USCIS scrutinizes requirements for third-party worksite H-1B petitions

Another day, another policy change from USCIS. This time, USCIS published a policy memorandum clarifying existing regulatory requirements relating to existing H-1B petitions for those employees working at third party locations. Effective as of February 22, 2018, the policy states that in order for H-1B petitions that involve a third party worksite to be approved, petitioners must show by a preponderance of evidence:

  • The Beneficiary will be employed in a specialty occupation; and
  • The employer will maintain an employer-employee relationship with the Beneficiary for the duration of the requested validity period.

These two requirements are not new. What is new, or rather, what is now being scrutinized by USCIS is that:

  • Petitioners must demonstrate that they have specific, non speculative (i.e., a readily ascertainable project) in a specialty occupation for the Beneficiary for the entire time requested on the petition. What this means is that even though the Petitioner usually requests the maximum three years on the application, if the project shows that it will be completed in 1 year, then the H-1B will only be granted for this 1 year timeframe.
  • At a minimum, employers must provide contracts, work orders and work itineraries for employees who work at third party locations.
  • Additional evidence that may corroborate a petition include technical documentation, marketing or cost benefit analysis, or brochures;
  • Detailed statement of work or work orders signed by an authorized official of the end client, that details the specific duties the Beneficiary will perform, duration of the job, and the hours to be worked.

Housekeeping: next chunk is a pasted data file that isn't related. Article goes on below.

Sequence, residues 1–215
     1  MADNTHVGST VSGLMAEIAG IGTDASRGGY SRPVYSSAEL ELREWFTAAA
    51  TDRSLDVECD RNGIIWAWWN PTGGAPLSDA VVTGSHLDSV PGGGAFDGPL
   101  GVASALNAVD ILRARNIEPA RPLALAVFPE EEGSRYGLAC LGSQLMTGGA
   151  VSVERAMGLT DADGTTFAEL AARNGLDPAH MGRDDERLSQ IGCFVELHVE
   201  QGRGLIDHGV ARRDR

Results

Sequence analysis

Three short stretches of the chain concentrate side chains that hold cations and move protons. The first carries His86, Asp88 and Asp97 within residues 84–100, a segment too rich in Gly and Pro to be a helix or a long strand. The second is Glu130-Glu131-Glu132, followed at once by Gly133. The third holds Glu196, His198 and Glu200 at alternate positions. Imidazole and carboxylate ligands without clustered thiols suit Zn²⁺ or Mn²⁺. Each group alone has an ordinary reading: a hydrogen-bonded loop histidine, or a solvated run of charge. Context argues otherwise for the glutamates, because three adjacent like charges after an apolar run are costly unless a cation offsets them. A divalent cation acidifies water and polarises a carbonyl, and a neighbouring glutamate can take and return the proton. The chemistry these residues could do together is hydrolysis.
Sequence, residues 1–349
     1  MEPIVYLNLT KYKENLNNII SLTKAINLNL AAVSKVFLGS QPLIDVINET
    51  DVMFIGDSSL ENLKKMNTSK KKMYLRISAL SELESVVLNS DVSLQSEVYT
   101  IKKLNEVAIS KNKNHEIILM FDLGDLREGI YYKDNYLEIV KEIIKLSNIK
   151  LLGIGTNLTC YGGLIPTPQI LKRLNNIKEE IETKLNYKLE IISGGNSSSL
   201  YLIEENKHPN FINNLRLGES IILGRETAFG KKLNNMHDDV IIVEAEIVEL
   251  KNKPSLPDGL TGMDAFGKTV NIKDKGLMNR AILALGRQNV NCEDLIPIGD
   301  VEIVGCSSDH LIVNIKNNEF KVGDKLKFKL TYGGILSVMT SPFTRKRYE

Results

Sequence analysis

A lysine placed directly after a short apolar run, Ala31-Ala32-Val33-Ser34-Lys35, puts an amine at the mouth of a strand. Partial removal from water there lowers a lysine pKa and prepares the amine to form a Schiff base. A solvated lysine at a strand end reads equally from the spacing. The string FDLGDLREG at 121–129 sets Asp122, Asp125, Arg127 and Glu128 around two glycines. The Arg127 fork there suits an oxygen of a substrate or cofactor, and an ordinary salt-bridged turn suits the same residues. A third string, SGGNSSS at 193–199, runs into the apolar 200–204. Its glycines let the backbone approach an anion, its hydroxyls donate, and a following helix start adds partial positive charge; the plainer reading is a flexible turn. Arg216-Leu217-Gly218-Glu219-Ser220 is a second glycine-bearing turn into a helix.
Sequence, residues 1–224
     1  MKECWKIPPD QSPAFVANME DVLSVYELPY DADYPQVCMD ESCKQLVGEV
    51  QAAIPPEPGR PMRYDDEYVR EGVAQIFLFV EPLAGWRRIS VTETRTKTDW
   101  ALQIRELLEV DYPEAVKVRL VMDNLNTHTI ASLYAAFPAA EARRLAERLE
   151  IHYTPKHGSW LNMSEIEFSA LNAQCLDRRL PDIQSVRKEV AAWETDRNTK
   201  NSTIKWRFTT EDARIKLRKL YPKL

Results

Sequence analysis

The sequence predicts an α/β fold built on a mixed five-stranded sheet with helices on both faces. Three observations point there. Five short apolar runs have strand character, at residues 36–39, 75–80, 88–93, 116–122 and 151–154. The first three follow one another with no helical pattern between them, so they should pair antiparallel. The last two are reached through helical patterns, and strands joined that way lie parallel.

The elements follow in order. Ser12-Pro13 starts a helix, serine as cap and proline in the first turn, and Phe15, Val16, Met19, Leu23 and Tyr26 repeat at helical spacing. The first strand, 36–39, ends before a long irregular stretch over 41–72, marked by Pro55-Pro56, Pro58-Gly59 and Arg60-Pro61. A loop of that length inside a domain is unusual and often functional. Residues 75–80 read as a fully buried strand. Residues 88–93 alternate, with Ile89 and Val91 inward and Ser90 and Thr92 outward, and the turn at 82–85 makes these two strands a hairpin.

• Itineraries MUST include the dates and locations of the services to be provided. If services are to be performed in more than one location, an itinerary for each location showing the dates of work performed and what services will be provided at each location must be included. Most importantly: USCIS may deny the petition at the initial stage if the itinerary is not provided; i.e., they may not send an RFE that would allow a petitioner to rectify the oversight.

It is also important to note that the policy clarification also applies to H-1B extensions. Petitioners must show that H-1B requirements have all been met during the course of past employment with the same petitioner; otherwise the extension may be denied.

With this policy memorandum, clearly USCIS is showing that it will be scrutinizing petitions and will not hesitate to deny a petition. If you are filing a new H-1B petition, or will extend an existing petition, it is incumbent that you call the Paturi Law Firm to help you navigate these treacherous waters.

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